Sunday, September 20, 2009

A Walk On The Wild Side With Betty


Or This?

Last night I looked around the bedroom and saw how very close I was to having an entire episode of a TLC program devoted to me and my squalor. Somehow, the mess had gotten out of control and so before I went to bed, I wrote out a long, satisfying list of how I was going to rectify this situation and be a productive member of society once again.

This morning, at 6:00, I reached for my list to remind myself of the urgency of the situation, and I rolled out of bed, stepped over the clothes and walked past the numerous dishes stacked up on the dresser. It was time to get this situation under control. Because I am a creature of habit, I stepped outside to get the newspaper--not to read it! No! No Time! Must Clean!

But when I walked outside, it all changed. Intoxicated by the misty air, the silence, the solitude, I was drawn, enticed, beguiled, seduced, tempted, by the morning.

I went back to the bedroom, dug out my MBT's from under a pile of towels and dirty jeans, put them on, grabbed my poles and set off on a long walk.

Morning walks are the best. We have established here in this blog that Betty is a lark. I am up at 6:00 and ready to go. For the owls among us, I am sure a walk at 6:00am is a horrifying scenario, but I love to get out there first thing in the morning.

For one thing, there's community in this solitary activity. I tend to see the same people day after day. We wave and nod to each other. I don't even know their names, but when one has been missing for awhile, I start to worry. When I see them back out, I wave and nod again and say, "Glad to see you back!" I used to walk Maddie in the morning and when she switched to night (shorter) walks, many people stopped to ask about her, worried that something had happened.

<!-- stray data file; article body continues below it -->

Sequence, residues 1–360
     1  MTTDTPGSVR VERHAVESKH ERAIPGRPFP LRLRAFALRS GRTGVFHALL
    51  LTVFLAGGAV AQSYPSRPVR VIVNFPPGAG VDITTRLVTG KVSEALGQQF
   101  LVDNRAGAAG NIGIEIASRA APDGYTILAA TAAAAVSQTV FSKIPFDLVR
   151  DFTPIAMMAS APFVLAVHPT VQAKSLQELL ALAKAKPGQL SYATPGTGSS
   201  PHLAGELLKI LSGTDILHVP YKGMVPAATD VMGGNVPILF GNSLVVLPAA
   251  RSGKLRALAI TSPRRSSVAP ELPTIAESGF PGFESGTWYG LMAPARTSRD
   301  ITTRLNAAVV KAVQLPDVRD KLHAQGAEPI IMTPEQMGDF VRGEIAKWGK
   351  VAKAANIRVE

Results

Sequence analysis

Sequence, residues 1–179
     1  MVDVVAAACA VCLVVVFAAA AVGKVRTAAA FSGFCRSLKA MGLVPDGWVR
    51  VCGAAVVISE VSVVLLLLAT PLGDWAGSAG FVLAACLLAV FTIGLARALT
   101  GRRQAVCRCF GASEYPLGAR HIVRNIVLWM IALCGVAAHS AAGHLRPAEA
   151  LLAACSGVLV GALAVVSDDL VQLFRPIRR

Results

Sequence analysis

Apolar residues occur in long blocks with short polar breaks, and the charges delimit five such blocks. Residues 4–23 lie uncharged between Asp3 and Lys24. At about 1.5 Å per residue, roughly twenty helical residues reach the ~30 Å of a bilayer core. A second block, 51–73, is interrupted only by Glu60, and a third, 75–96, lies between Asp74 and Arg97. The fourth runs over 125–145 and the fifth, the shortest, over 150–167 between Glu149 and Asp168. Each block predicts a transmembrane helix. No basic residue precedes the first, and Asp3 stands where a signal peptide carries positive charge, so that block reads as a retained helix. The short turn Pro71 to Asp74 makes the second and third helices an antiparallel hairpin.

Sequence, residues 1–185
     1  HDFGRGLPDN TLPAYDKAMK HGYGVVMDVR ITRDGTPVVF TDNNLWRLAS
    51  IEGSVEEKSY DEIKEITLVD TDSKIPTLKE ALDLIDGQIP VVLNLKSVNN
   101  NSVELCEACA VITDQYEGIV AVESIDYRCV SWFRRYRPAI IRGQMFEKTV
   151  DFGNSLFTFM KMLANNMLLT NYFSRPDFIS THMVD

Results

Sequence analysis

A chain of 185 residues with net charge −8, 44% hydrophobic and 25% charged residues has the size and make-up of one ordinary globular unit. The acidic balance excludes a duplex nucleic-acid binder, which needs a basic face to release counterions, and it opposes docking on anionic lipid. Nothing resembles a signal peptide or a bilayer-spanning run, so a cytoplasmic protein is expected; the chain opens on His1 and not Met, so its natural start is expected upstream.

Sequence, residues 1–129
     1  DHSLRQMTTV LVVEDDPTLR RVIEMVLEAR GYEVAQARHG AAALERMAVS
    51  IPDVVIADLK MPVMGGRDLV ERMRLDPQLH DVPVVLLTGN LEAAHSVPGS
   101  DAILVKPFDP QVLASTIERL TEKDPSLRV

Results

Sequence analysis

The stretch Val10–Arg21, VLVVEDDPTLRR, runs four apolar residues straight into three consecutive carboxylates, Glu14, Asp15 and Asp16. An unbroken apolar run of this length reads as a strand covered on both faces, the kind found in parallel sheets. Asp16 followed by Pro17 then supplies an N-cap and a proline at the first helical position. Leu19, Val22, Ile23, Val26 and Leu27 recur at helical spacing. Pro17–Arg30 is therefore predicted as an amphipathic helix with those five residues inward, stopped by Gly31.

As a morning walker, I see a lot of people emerge from their homes first thing in the morning, fresh from their beds. I have noticed that a great many people do the same thing: they stand and survey their lawns, slowly looking around, nodding a bit as they inspect their property. Slowly, they walk to the end of their drives, pick up newspapers, look down the street one way and then the other, then view the front of their homes with that same slow sense of inspection.

I can't help but think this is a holdover from our earlier days as a species. How many years have creatures and human beings alike, crawled out of their respective sleeping holes, stepped out onto the savanna, the tundra, the great plains, to check for changes in their environments? On my walks I try to creep by so as not to disturb this moment, to let this necessary step in our anthropological make-up take place.

Speaking of throwbacks to our evolutionary history, I read once that if you get out first thing in the morning and go for a walk, you are sending your caveman-linked brain the message that all is well, you are out on a hunt, and your metabolism will actually respond to this activity. If, on the other hand, you don't get out and walk, your caveman-linked brain thinks, "Oh, oh, my human is not hunting. There must be a famine. Therefore I will limit my metabolic energy and watch the television all day."

Well, Betty has hunted today, my people. The brain is engaged. I have surveyed my tundra/plain/savanna. All is well.

Now I guess I had better get to that bedroom before they send that camera crew, host, and psychologist over.

Hope you all have happy Sundays!


LoisW said...

Love the pictures you chose to go with this piece. I'm an owl, but on a rare day when I do rise and shine I am always amazed at the morning. And that there actually are people who get up and at 'em at 5 am to jog. Whew!

Bossy Betty said...

Yeah, those joggers are amazing! I prefer just walking. Hey, I might be a bit of a nut, but I'm a slow one!